Vodka is usually cooled in the freezer at least for an hour or two and then poured into special shot glasses of 50 milliliters (“ryumka” in Russian).

Then the procedure is as follows:

  • You and your friends raise shots and say a toast (you don’t plan to drink alone, do you? This is wrong)
  • Then you all drink vodka quickly. In one gulp if possible.
  • The next thing is very important: you chase it right away with something spicy, hot or salty. The chasers must have a bright and strong taste to take away the aftertaste of vodka.
  • Repeat the whole process after some time.

In Russia, there is also a tradition not only to chase the vodka with food but also to chase it with a strong smell. For example, the brown Russian bread will do, a smell of a pickle or even your own sleeve. Yes, it sounds crazy. It is better to see once, and even better to try it yourself. Come to Russia, we will show you.

This is the main and traditional way of drinking vodka in Russia. Although of course, today this alcoholic drink is also actively used in the preparation of various cocktails.

Where to find vodka?

In Russia, people over 18 years old can drink vodka in restaurants and bars (just have your passport with you). Also, you can buy vodka in almost any store and take home or bring it back as a souvenir. In this case, it is better to choose a liquor store or a store from large retail chains; the chances of getting a low-quality product are practically reduced to zero. (We can recommend you Liquor Department in a famous Eliseevsky grocery store, you’ll have a great opportunity to visit it with us during Moscow Behind the Icons Tour).

On the shelves of the store, you can find dozens of different brands of vodka for every taste and budget. So what you need to know when buying,  without going into the particulars of different brands.

Vodka is not a very expensive drink to make, so this is a fairly cheap alcoholic drink. So for 300 — 500 rubles you can find a good bottle of good-quality vodka. Of course, there is an expensive premium vodka, which costs several times more. For example, some of them are filtered in gold or made with the addition of silver. You choose what best suits your taste and budget. Just remember — it is better not to take a bottle of vodka for less than 250 rubles.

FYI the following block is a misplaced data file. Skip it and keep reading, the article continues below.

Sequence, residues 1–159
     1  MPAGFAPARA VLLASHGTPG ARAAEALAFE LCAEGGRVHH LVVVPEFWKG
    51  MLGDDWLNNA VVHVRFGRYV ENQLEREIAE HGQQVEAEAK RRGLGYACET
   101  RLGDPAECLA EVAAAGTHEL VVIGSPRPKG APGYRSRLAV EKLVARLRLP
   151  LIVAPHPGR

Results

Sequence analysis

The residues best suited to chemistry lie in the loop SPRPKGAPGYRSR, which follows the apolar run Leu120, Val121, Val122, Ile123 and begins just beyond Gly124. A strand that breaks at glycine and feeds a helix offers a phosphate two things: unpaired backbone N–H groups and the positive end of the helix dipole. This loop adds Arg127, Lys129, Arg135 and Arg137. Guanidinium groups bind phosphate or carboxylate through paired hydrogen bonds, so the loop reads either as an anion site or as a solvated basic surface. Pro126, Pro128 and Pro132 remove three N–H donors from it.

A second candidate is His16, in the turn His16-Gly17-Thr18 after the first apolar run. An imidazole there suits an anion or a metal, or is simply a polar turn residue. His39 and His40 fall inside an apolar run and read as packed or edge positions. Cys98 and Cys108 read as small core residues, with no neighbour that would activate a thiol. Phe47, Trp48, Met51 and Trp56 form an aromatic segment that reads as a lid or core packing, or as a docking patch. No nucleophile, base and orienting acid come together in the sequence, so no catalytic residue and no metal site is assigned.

When choosing a bottle pay close attention to alcohol from which vodka is made. If the label contains the words “Lux” (“Люкс”), “Super Lux” (“Супер Люкс”), “Extra” (“Экстра”), “Alpha” (“Альфа”) — this is a quality product.

And talking about brands… Well, you can understand which tastes best for you only with practice. But here are the best ones: Onegin, Beluga, Chistye Rosy; less expensive but also good: Tsarskaya, Belaya Berezka; least expensive of all but the most famous one: Stolichnaya.

As for bars and restaurants where you can try not only good vodka but also true Russian food, here are some approved spots by Moscow Urban Adventures team: Odessa Mama, Petrovich, Мари Vanna, Dr. Zhivago, Ruski, Sibir Sibir, White Rabbit. So try, enjoy and have fun!

To learn more about vodka, to try one or two and to get good advice on how to drink it properly, come to our tour More Than Just Vodka Spirits Tour. Cheers!

*But remember always, ALWAYS drink responsibly!

by Ilya Gavrilov, local guide